Monday, August 27, 2018

The World could take a lesson from Ultimate Frisbee

The World Junior Ultimate Championship has just concluded in Waterloo Canada last week. The United States won both of the under 20 men and women events, pretty much as expected because the US has been dominating this sport in recent years.

Eighteen nations sent teams to compete on the boys’ side and 13 on the girls’ side. As a proud grandpa, I went to watch my grandson play. Born and raised in Atlanta, Matthew has been a member of the Atlanta elite team that competed for the US national championship.

In Waterloo, however, Matthew was going to play on China’s team. This was the first year that China was sending a youth team and the team was short handed and pleased to invite my grandson to join and play on their team. I was curious as to how the 6 foot 6+ inch young man that does not speak any Chinese would adjust to his new teammates.

Even though Ultimate as an organized sport has been around for over 30 years, most people don’t know much about this sport. The rules are really simple. Each team put 7 players on the field and the object is to throw the flying disc over to the opponent’s endzone. Catching the disc inbound and over the goal line constitutes a score. If the disc is dropped or knocked down and hit the ground or intercepted by the opponent, possession reverts to the other side and they will try to score.

To be any good at this sport, the player must be in top physical condition, able to sprint and leap for high flying discs and dive for low flying ones before the disc hits the ground. Each line of 7 players must stay on the field until one side or the other scores. A normal squad typically carries a complement of over 20 players. The team from China came over with a roster of 14 players plus Matthew. By the last day of the tournament, China was down to 13 including Matthew. (Ultimate in China is a private sector club sport and does not enjoy any government support.)

Matthew Dacey Koo reached high to snatch the disc away from a Dominican player

Any physical contact between players, intentionally or not, is not permitted. And, screens and picks as practiced in basketball would constitute an infraction. The most fascinating aspect of this game is that there are no referees to officiate the game! In the event of any dispute on the field, the players are expected to be fair-minded, show good sportsmanship at all times and negotiate a settlement acceptable to both sides.

The games were played under the auspices of the World Flying Disc Federation, a body recognized by the International Olympics Committee, and relied on adherence of all the players to the doctrine known as “Spirit of the Game.”  According to the WFDF, “actions such as intentional fouling, cheating, dangerous plays, disrespectful conversations and other ‘win at all costs’ are contrary to the Spirit of the Game.”

Consequently, the dynamics of Ultimate are unique compared to other competitive sports. In an officiated sport, the players are psychologically disposed to push the boundary of acceptable behavior leaving the question of whether a rough play has taken place to the judgment of the referee. In Ultimate, the players have to play based on self-restraint and give more leeway to the opposing team during play.

At the end of the game, the two teams form a large circle with alternating players from each team and their arms draped around their neighbors. The players congratulate each other on good plays and vote on the player on the opposing team that is most emblematic of the Spirit. Win or lose, the players leave the game with feelings of fellowship and sportsmanship.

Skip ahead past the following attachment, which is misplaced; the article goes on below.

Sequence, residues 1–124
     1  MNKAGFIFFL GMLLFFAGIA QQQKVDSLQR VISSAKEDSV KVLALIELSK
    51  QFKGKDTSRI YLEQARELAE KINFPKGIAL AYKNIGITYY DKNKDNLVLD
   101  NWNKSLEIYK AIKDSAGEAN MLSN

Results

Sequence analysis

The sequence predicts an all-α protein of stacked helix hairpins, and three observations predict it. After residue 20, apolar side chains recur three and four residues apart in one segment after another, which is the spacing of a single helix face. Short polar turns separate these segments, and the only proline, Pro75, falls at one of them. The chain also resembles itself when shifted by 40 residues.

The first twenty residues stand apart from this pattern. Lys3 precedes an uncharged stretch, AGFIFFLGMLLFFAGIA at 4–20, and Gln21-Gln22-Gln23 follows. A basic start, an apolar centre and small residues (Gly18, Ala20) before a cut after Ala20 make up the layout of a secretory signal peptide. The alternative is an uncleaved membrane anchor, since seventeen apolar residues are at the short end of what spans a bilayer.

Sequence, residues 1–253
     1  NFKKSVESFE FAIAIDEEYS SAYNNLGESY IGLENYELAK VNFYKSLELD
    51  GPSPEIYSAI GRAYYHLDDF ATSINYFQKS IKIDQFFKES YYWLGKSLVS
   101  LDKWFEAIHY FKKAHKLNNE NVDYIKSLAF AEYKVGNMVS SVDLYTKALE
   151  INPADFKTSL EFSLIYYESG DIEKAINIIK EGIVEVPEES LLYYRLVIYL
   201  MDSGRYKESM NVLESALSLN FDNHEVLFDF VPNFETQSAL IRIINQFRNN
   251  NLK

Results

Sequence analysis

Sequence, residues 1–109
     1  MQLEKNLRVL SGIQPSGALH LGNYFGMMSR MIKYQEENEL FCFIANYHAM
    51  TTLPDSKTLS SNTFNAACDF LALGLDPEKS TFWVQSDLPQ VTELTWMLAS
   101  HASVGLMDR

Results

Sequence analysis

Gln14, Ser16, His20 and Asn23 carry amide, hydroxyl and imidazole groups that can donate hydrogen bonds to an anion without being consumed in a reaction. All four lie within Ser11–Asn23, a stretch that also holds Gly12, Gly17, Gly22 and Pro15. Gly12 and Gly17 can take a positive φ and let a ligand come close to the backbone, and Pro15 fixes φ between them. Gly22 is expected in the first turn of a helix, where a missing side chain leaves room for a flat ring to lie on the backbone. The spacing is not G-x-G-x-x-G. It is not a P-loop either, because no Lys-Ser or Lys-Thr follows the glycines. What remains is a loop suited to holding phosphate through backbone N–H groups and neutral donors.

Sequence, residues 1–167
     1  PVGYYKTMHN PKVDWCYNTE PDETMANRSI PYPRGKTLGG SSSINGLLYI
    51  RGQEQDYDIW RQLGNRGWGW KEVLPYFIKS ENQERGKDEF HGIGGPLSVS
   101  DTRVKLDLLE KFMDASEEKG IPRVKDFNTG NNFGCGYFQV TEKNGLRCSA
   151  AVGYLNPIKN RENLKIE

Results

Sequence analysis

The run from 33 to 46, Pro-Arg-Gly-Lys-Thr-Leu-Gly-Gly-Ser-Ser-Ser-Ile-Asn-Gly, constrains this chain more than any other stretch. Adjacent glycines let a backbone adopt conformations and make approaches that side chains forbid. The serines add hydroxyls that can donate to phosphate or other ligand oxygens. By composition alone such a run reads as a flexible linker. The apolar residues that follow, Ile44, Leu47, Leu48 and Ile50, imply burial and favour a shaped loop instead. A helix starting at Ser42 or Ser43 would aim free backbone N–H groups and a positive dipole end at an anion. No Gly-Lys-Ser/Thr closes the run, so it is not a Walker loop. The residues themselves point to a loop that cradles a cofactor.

China and Mexico formed a team circle after their game

Each team has to rate the opponent on how closely they followed the Spirit of the Game. At the end of the tournament, the ratings were added up for a total score. This year, both teams from New Zealand were honored as the teams that best exemplified the spirit of Ultimate.

I was left to ponder the question: why can’t the world community of nations interact with each other along the same principle? A recent article from New York Times raised the same question describing the use of a game of Ultimate to promote peace between the Israelis and the Palestinians.

As for my grandson, he enjoyed being one of the major scorers for China, even though China was winless in nine matches. He also interacted and made friends with players from all over the world. By hanging around his Chinese teammates, he was introduced to a world of ethnic cuisines heretofore new to his palate that he would take back to Atlanta. Two years from now at the next world championship, he will be too old to compete in the Junior level but will be eligible for under 24 championship. Already, there were murmurs that China will want to invite him then.

Friday, August 17, 2018

The World According to Donald

Anything he says must be true unless he says something opposite the next day, in which case the latter is more true.

He is not above the law; he is the law.

He is not above the law, because he does not know what law is.

He is not above the law, but he doesn’t care.

He is not above the law, because law applies only to everybody else.

He doesn’t even think the law of gravity applies to him. (Let’s take him to the middle of a lake and see if he can walk on water.)

He has revoked the security clearance from former CIA Director John Brennan for disclosing a devastating national secret, namely, that his conduct is nothing short of treasonous.

If you write or publish something critical of him, you are fake news.

If you buy from him, you are a good country. If you sell to him, you are a bad country.